My news consumption changed dramatically in September 2001.
My wife, Michele, was pregnant with our first child on Sept. 11. As we were inundated with heartbreaking stories of unimaginable loss, we struggled to digest the information overload, raw videos and graphic photos. Just six days later, we welcomed our first daughter, Morgan.
By late September 2001, we began to limit our news consumption, which was hard for me as a trained journalist. I’ve always loved the news, especially stories behind the story and how different outlets cover breaking news. It’s why as a teenager I would read the entire front page of The Richmond News Leader before I delivered the afternoon paper. My parents didn’t have any news filters on me, but things were a lot different in the 1980s.
As a new parent in 2001, I knew I needed to protect my children and my own sanity just a little more, so after Morgan’s birth, we needed to step back from the chaos of the cable news cycle and focus on our family.
Information overload = a fragmented brain
By mid-2004, we upgraded our coaxial connection to the world of the high-speed Internet modem. It was empowering because it led to the birth of Rhudy & Co., our strategic communications firm. Yet, the Internet’s constant flow of information started to mess with our brains.
Yet, the Internet’s constant flow of information started to mess with our brains.
This trend of fragmentation continued in late 2008, when I joined Facebook, and in early 2009, when I invited Twitter into my personal and work life. Since then, it has been a constant hum of posts, tweets, photos, videos and notifications.
The power of eyewitness media
In 2016, my information diet at times feels like an all-consuming fatty buffet. There’s more than you want to consume: the random violence, hate crimes, destructive rhetoric, political bullying, natural disasters and police brutality. It’s exhausting. It’s constant. For some, it’s truly debilitating, and infomania is all too real.
The challenge is similar to what we faced in late 2001 but it has intensified due to technology. How do we maintain our connection to the world without feeling beaten down by the negative news?
Eyewitness user-generated content media also now floods my Facebook feed.
Eyewitness user-generated content media also now floods my Facebook feed. The juxtaposition of seeing my fraternity brother’s cute twin toddlers alongside the Facebook Live video of mass causalities in Nice, France, is unsettling and hard to shake.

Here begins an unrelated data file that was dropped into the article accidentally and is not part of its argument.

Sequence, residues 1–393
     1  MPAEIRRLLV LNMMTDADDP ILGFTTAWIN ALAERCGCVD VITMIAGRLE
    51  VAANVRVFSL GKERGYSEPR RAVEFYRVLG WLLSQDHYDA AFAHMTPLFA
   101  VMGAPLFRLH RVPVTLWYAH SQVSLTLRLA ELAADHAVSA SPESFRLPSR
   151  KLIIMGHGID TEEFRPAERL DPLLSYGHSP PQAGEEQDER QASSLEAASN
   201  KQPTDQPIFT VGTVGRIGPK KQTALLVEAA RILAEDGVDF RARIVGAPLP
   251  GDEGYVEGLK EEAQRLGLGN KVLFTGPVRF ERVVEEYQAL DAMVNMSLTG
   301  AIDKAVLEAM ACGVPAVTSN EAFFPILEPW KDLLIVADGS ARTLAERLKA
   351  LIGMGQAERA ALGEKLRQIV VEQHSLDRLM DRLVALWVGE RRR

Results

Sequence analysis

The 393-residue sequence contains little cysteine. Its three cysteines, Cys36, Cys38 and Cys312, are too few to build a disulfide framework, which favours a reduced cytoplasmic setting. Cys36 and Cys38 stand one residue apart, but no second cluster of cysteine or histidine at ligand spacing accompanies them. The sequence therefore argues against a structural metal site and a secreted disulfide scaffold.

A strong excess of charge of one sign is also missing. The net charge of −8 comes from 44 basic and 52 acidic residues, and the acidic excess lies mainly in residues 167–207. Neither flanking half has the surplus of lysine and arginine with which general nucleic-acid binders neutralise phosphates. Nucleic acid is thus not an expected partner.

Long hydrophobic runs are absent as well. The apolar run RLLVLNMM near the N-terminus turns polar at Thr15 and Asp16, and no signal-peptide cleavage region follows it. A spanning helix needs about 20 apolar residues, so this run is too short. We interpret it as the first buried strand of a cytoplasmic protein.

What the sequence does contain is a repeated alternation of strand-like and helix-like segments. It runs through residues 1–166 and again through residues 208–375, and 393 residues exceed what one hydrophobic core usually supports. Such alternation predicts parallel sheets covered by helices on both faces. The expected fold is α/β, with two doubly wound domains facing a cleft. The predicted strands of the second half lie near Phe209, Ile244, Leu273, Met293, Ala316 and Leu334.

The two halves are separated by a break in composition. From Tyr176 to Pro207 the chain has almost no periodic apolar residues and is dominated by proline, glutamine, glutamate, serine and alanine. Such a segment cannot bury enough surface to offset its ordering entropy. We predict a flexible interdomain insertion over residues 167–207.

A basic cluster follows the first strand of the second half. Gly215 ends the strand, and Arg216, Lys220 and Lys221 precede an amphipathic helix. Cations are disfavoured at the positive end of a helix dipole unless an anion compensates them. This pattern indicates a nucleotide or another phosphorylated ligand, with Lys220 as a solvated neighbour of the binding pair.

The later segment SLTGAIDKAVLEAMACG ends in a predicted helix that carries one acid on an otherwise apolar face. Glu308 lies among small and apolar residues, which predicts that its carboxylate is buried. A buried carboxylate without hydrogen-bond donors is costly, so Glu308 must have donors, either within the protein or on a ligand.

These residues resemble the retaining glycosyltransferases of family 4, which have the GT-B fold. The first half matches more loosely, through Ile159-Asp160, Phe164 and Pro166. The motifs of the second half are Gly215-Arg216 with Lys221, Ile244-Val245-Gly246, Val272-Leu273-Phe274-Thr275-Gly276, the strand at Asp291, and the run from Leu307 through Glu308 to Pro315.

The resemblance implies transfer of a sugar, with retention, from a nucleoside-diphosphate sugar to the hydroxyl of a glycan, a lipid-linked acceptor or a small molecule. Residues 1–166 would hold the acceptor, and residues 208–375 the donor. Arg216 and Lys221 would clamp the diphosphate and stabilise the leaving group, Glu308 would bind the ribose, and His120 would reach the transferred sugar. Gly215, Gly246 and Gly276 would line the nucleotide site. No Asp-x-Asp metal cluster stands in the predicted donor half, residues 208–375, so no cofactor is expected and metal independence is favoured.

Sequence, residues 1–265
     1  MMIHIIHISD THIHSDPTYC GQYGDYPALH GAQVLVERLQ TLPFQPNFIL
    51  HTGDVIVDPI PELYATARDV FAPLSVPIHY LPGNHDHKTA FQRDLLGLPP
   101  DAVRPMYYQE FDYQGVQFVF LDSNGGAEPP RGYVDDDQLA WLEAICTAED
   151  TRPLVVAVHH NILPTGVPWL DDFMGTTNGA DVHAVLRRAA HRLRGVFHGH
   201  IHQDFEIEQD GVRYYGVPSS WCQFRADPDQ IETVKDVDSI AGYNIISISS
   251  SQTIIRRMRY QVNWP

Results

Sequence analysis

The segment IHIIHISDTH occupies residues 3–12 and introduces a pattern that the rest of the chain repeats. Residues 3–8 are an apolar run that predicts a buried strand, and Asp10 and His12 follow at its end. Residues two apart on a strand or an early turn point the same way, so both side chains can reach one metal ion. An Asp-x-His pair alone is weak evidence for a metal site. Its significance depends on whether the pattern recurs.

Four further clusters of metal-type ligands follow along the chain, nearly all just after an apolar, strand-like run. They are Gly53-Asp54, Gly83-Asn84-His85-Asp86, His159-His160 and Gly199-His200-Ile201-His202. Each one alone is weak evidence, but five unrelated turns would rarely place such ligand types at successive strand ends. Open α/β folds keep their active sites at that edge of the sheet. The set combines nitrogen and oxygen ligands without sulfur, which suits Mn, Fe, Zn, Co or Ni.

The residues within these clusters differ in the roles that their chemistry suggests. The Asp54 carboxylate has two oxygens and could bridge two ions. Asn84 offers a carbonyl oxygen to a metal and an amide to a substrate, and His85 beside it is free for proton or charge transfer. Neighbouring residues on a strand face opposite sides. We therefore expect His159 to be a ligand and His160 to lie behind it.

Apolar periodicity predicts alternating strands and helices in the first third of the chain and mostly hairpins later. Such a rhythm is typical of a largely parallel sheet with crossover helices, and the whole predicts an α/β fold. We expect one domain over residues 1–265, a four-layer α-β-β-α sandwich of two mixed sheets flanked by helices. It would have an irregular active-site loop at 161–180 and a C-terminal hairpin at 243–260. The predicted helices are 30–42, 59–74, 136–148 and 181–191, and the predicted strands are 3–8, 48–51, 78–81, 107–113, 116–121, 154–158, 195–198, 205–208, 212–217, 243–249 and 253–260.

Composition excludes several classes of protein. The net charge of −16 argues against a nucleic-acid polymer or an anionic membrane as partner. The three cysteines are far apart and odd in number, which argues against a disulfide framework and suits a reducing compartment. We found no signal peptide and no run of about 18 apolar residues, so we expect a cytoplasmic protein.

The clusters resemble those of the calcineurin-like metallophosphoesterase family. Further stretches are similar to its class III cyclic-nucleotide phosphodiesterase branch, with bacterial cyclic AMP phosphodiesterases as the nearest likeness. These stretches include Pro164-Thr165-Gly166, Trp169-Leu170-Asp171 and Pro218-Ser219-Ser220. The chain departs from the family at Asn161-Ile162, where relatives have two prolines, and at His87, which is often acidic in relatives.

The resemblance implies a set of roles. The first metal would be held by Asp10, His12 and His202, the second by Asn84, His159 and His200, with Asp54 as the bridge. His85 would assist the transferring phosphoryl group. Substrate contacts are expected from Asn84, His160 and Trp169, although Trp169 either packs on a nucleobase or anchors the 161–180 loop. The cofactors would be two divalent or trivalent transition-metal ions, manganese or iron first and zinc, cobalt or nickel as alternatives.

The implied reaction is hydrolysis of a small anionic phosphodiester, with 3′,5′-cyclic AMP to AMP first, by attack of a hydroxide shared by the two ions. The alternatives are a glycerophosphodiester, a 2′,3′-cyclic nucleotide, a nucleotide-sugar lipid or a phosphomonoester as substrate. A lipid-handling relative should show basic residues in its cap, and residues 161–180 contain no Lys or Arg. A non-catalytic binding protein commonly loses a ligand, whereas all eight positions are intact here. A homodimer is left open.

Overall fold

The eternal optimistic in me seeks the good stuff in my news buffet. Like fruits and vegetables, those content bites make me feel better and healthier while restoring my faith in humanity. That includes stories of neighbors helping neighbors, people overcoming adversity or helpful tips to make life a little easier.
Tips for coping and managing your news diet
On Tuesday, I heard an expert talking about just this challenge. In an NPR segment titled, “Managing Your News Intake In The Age Of Endless Phone Notifications.” It made me think.
In the report, Claire Wardle, research director at the distinguished Tow Center for Digital Journalism at Columbia University, shared tips to help balance our news diet. Wardle validated and described what I’ve been feeling in recent years.
Wardle is the co-founder of Eyewitness Media Hub, which studies the legal, ethical and logistical aspects of user-generated or eyewitness media.
Here are some of Wardle’s tips and few of my own for taking charge of your news:
- Cut the feed: Turn off autoplay in your social media feeds so you don't see a graphic video that you didn't expect to see.
- Take charge of your news consumption: Be prepared to watch or listen to the news. Limit your news consumption to a set period of time such as 30 minutes in the evening. Use your DVR to focus on the stories that matter to you.
- Control the uncontrollable: Unfollow news outlets in your social media feeds and unsubscribe from alerts from news outlets.
News is raw. It’s disturbing. We can’t turn a blind eye to the horrors in our world, but we can — as individuals, parents and grandparents — control how we access and consume news.
Don’t be afraid to take charge of your news diet.
Jonathan Rhudy studied journalism at James Madison University. Most nights he watches highlights of NBC Nightly News with Lester Holt with his three daughters. They spend about 15 minutes watching and talking about some of the day's good news events to help them better understand the big world around them.